When I was an undergrad, I loved being an English major. I loved reading all the time, the writing, and the discussions that came with it. It took me a little while to figure out that English literature was the right major for me, but once I got there, it felt so great to finally be in a program I enjoyed and was passionate about.
Currently, I am studying in Ball State’s MA in TESOL (Teaching English as Second Language) program. I still find it ironic that I ended up here, because when asked, I would adamantly insist that I did NOT want to be a teacher. The path that led me here started with my interest in foreign languages. I took a few German and Italian classes, but my real love is French. After I spent a semester abroad, I couldn’t wait to find a way back to France. So, I applied for a position teaching English at l’Université de Nancy through the Ball State French department. A little piece of advice: if you want to spend time abroad, teaching is a great way to go because you get paid. Seven months later, I was on my way!
Teaching English in France was a true eye opener. To begin, I was completely terrified. I’ve always been a little shy, so the idea of standing up in front of a classroom was extremely intimidating for me. I’d never done it before and sometimes I wasn’t even very familiar with the subjects I was asked to teach. (Case in point: English phonetics. AH!) But it got easier as the year went on. And what surprised me the most—I actually enjoyed it! As the year came to a close, I realized I didn’t want to stop. Teaching English as a second language combined all of my passions, plus it allowed me to work with people in a meaningful way.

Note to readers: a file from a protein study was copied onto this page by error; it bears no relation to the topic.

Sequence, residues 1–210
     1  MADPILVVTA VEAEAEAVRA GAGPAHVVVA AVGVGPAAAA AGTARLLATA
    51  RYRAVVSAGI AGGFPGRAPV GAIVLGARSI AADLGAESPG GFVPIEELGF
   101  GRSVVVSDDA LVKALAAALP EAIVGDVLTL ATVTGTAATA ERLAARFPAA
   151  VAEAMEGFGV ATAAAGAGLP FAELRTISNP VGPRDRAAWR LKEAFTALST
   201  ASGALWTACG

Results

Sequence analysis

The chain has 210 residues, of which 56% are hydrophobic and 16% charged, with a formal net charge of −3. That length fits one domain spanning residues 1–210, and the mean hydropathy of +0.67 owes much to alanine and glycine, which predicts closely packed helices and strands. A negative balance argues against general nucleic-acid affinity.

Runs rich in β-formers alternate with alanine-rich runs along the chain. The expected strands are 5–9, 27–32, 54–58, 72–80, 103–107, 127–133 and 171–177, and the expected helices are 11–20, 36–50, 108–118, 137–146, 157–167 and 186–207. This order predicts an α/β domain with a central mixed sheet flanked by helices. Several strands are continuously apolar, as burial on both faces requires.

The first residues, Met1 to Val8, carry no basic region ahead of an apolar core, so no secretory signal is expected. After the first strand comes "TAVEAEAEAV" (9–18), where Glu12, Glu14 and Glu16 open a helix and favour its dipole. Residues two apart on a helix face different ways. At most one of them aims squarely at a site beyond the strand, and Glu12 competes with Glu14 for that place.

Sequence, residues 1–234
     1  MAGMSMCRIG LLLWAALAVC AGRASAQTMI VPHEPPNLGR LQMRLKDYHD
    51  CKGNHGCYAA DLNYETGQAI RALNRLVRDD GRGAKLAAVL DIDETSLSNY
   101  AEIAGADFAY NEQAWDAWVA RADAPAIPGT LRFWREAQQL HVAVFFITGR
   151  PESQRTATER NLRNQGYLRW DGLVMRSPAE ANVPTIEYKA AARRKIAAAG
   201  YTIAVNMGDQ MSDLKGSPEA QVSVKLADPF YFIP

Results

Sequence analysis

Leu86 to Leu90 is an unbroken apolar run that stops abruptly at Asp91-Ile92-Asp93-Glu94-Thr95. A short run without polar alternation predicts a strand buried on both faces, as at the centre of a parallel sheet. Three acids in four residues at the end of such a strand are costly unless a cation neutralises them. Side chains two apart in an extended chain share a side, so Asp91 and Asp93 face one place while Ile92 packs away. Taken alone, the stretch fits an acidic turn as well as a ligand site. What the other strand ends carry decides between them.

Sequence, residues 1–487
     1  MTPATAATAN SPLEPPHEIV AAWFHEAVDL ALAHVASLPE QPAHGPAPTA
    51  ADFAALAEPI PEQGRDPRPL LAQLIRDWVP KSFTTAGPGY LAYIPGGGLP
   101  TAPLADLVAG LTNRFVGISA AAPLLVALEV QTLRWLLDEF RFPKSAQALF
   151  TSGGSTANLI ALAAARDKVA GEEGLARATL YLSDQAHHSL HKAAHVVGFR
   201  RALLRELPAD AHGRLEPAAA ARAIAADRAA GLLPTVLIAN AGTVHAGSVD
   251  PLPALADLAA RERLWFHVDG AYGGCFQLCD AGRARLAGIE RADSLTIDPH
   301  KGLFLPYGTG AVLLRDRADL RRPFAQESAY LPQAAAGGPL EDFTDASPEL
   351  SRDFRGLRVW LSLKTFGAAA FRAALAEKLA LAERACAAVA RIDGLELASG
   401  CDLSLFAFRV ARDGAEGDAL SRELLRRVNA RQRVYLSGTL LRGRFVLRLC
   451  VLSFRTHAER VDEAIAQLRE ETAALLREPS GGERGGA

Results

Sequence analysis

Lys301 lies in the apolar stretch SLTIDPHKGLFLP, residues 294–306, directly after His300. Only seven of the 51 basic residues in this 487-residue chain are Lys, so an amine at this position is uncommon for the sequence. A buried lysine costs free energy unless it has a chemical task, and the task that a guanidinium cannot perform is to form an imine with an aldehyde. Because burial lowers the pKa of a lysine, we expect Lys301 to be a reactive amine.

The next step for me was to get a degree teaching English as a Second Language. It was an easy decision to apply to the graduate school at Ball State. First of all, my soon-to-be fiancé was finishing his masters in Architecture at BSU. Also, after a campus visit and sitting in on a class, I was completely confident in the TESOL program. The opportunity to teach English in the Intensive English Institute (IEI) at Ball State seemed exciting as well. The IEI offers English classes for international students, and when I was offered a teaching assistantship in the IEI, the deal was sealed. I was headed back to Ball State.
Now I’m in the second year of my program and planning to graduate in the spring. Graduate school is challenging, but I’ve found that my literature classes prepared me well for the type of research, writing and analysis that is expected of me. What I love most about my program is that I get to teach people from diverse backgrounds. I’ve had students from Saudi Arabia, China, Japan, Korea, Thailand, Vietnam and Tajikistan. Meeting new people and learning about other cultures is one of the most rewarding parts of my job. After I graduate, I hope to find a position teaching ESL at the university level, or perhaps abroad.
My advice to all you English majors out there is to not worry if you’re not sure where your English major will take you. There are more possibilities than you might think. If you’re like me, it may take you somewhere you didn’t expect!